- Choose a lawyer who specializes in your sector and offers long-term partnership.
- Create a strategy to protect your intellectual property.
- Incorporate legal hygiene into your daily business operations.
Life science and healthcare professionals are no strangers to rules and regulations. Starting your own business as an entrepreneur, however, introduces a whole new level of red tape.
Legal issues don’t only affect startups once they reach commercialization, but they also matter at the earliest stages. From your first day as a founder, your actions could have lasting implications.
Despite the high stakes, your startup’s legal plan doesn’t have to be overwhelming. By creating a strategy now to protect your ideas, finances and opportunities, you’ll be better prepared throughout the lifespan of your company. Here are six ways to get started.
Get sector-specific legal counsel
Life science and healthcare businesses face unique legal needs and regulations. They also tend to have a significantly longer time to market than startups in other industries that are not as rigorously regulated.
For that reason, it’s wise to find an attorney who has deep experience and connections in the life science ecosystem. Similarly to how Silicon Valley Bank understands your path within the life sciences, a sector-specific attorney is well positioned to support you. They will likely offer the perspective to forecast specific risks in the biopharma, healthtech, medical devices and diagnostics/tools subsectors.
Sector-specific attorneys may also share connections and resources within their network, such as:
Venture capital investors
Angel investor networks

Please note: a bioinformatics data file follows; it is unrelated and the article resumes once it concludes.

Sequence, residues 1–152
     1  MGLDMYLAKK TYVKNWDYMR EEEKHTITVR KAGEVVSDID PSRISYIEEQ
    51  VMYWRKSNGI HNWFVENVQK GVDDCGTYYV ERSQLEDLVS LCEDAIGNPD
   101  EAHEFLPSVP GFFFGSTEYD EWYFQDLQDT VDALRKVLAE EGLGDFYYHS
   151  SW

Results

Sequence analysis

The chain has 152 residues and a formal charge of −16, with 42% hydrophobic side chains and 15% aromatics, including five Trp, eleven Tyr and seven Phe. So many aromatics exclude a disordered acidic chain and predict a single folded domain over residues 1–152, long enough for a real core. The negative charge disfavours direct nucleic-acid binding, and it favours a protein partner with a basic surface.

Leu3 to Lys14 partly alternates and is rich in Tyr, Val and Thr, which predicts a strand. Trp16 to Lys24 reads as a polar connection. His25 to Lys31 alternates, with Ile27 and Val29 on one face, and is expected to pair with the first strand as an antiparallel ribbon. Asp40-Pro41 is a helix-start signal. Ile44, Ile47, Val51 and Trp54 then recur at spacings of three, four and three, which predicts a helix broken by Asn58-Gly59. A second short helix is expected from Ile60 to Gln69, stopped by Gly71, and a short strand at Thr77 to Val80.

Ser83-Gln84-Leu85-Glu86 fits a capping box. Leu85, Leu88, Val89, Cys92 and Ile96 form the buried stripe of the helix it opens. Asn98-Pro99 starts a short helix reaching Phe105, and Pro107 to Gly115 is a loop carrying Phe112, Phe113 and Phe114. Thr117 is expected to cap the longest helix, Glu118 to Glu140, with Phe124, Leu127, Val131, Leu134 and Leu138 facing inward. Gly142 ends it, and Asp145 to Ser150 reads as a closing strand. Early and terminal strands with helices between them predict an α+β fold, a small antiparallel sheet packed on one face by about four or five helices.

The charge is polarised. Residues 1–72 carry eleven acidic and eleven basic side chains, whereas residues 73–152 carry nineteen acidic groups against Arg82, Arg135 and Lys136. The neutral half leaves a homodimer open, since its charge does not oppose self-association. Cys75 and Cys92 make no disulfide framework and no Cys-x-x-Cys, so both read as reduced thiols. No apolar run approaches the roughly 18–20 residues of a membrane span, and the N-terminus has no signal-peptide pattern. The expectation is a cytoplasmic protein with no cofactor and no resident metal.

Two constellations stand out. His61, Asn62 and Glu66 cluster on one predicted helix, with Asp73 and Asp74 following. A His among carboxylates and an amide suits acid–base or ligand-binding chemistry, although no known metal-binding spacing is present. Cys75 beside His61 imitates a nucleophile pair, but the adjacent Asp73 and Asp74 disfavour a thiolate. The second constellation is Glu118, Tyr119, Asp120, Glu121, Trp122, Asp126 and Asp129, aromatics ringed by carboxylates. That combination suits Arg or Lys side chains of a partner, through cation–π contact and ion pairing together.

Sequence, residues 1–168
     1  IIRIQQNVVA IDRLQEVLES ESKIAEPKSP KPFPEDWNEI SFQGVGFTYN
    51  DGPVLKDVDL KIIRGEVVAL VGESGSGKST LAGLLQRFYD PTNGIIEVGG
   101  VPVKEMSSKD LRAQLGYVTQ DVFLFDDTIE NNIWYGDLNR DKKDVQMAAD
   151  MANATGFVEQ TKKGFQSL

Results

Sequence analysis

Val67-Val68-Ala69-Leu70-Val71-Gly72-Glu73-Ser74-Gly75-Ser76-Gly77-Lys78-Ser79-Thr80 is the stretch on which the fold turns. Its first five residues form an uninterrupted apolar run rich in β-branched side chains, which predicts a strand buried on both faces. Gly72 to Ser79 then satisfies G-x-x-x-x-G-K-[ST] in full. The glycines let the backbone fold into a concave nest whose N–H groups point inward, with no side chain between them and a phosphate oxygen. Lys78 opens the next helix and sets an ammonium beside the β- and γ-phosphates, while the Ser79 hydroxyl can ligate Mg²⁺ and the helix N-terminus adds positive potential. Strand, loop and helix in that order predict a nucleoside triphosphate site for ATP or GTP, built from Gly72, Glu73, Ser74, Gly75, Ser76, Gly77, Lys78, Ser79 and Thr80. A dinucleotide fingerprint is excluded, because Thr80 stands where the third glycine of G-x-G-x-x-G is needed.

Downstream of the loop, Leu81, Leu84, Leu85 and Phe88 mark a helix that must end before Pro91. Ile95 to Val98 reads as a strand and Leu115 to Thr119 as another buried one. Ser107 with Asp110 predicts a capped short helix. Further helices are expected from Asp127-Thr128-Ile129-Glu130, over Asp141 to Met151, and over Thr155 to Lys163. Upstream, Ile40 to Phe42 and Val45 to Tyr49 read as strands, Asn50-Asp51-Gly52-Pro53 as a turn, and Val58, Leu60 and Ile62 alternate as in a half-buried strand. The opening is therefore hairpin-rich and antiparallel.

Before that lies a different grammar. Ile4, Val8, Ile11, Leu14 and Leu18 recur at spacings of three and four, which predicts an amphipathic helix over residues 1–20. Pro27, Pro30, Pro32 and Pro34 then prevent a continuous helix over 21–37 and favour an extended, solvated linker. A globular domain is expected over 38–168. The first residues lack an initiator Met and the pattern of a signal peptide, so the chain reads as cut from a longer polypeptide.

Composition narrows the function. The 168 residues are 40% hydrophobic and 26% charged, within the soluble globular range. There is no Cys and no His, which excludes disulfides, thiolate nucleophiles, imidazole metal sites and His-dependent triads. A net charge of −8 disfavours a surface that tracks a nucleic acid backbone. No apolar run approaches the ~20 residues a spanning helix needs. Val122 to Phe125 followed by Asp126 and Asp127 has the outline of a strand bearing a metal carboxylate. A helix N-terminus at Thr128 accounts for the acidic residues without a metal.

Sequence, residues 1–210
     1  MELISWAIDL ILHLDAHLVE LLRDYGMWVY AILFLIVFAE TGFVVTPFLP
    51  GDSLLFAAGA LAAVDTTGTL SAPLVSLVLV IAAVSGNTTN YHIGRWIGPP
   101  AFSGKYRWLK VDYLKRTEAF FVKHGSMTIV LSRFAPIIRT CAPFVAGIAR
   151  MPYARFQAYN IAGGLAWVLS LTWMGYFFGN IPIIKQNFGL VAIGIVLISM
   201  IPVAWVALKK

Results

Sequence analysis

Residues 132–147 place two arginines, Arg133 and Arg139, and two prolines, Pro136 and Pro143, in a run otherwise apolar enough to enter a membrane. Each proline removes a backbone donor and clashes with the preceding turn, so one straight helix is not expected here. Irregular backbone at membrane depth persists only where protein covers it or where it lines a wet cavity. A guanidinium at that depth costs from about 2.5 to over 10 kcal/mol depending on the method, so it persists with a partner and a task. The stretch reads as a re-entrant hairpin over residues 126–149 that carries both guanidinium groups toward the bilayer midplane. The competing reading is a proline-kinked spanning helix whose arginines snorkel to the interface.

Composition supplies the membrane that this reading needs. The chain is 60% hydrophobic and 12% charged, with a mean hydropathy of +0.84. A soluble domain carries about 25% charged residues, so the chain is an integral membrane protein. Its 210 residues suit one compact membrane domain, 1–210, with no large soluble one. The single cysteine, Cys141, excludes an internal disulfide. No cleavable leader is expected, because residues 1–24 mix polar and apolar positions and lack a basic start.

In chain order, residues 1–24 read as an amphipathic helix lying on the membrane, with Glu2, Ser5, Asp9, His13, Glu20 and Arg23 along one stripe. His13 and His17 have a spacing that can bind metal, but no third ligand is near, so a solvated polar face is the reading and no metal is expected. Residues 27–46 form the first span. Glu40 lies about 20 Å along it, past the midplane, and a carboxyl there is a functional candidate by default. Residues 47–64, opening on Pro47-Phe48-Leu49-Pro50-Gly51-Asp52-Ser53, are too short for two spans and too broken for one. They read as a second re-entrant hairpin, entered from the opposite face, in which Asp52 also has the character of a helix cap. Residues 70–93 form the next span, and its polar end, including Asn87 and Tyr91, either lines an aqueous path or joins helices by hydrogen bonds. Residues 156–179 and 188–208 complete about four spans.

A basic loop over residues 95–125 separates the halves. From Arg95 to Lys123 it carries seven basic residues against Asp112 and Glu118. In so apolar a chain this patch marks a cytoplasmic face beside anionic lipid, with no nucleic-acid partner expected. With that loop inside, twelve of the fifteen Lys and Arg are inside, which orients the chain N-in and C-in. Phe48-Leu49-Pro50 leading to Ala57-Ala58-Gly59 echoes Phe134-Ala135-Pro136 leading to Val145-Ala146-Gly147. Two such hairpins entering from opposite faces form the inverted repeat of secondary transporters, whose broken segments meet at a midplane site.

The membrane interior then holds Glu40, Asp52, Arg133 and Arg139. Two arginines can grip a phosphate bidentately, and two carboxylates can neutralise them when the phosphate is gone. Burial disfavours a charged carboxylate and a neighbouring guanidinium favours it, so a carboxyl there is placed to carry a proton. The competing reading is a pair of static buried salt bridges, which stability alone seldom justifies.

Business and legal advisors
Access to these specialized contacts can be beneficial. For instance, a founder could focus on pitching to investors who already understand the industry and show a commitment to its growth. More specificity within your professional network can mean more targeted opportunities for your business.
In this highly regulated field, the benefits of hiring an experienced attorney are often well worth the early budget allocation. To offset costs at a time when you might not even have your first investor, you can ask about deferred payments. Some law firms specializing in life science and healthcare startups may offer payment plans for attorney fees. Experienced attorneys with expertise in the field will also be able to help you develop a budget and timeline that meets your financing, practical and legal needs.
Set up the right corporate structure
Your corporate structure will affect how you and your company are taxed and your risk of personal liability for legal issues resulting from corporate actions. It also affects your reporting requirements.
Most life science and healthcare startups need significant funding from investors, which is why you might choose to set up a C corporation (C-Corp). Likewise, it’s also important to choose where to incorporate. Some states, such as New York and Texas, promote entrepreneurship through tax benefits, talent ecosystems and multiple funding options. Ultimately, it’s important to think beyond your company’s current stage to envision how you want it to grow.